Being with Jesus is an experience of rest because I am as I am in front of him. This is his constant invitation, to taste and experience his gentleness and humble of heart. Help us Lord to be who we are whenever we are with you by being in touch with the private, deepest, most secret place of our hearts.
Our God is a welcoming God
38 In the course of their journey he came to a village, and a woman named Martha welcomed him into her house. 39 She had a sister called Mary, who sat down at the Lord's feet and listened to him speaking. 40 Now Martha, who was distracted with all the serving, came to him and said, 'Lord, do you not care that my sister is leaving me to do the serving all by myself? Please tell her to help me.' 41 But the Lord answered, 'Martha, Martha,' he said, 'you worry and fret about so many things, 42 and yet few are needed, indeed only one. It is Mary who has chosen the better part, and it is not to be taken from her.'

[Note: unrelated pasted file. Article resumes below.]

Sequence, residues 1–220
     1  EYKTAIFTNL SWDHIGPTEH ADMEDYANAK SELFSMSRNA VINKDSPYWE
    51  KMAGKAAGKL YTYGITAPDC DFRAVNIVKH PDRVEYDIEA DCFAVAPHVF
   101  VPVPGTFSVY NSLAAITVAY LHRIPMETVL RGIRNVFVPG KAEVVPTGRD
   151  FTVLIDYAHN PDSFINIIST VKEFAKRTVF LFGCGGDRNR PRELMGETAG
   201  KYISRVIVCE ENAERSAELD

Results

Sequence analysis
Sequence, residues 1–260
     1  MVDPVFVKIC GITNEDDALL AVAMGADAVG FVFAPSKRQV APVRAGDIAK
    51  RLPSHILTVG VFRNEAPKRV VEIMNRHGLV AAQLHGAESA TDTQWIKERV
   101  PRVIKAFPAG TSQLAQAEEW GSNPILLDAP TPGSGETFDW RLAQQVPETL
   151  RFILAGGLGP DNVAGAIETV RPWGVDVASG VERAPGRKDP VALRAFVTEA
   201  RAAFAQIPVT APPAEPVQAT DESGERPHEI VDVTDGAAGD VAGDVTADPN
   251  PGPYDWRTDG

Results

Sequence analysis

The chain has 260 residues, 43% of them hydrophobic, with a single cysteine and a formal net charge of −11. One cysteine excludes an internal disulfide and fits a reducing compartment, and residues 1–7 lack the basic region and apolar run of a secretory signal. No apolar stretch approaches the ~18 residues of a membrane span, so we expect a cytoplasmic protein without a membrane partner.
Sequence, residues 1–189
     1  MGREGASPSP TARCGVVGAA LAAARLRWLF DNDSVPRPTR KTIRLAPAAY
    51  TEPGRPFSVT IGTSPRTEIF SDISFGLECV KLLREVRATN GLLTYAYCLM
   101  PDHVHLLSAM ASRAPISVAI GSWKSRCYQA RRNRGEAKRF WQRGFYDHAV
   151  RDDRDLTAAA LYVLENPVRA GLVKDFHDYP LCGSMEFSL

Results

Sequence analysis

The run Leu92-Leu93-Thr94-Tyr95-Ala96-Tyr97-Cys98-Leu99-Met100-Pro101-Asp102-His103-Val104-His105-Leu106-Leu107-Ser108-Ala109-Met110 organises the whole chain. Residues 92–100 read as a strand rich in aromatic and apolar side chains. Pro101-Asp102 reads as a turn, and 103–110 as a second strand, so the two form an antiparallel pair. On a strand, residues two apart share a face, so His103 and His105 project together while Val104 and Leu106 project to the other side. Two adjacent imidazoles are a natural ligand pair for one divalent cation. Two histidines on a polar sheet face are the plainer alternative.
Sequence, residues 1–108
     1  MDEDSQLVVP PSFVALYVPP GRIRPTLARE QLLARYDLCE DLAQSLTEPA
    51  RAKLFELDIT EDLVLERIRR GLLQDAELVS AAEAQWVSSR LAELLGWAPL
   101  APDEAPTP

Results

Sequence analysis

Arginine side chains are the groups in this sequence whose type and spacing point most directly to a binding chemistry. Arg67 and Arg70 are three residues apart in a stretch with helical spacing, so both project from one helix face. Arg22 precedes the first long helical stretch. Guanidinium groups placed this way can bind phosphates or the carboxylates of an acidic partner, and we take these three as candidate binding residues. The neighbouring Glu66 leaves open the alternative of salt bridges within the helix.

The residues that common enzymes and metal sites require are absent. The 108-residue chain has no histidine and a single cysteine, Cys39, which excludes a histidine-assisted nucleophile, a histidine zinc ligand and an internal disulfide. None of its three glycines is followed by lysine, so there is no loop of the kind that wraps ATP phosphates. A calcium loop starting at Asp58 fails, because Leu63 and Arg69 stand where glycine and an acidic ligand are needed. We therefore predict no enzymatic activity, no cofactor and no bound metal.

20 Look, I am standing at the door, knocking. If one of you hears me calling and opens the door, I will come in to share a meal at that person's side.
God is a welcoming God always and he is willing to be with us constantly knocking at our doors. Let us learn to welcome him gladly so that he can share with us his love and concern with the closeness of friends.
Learning to accept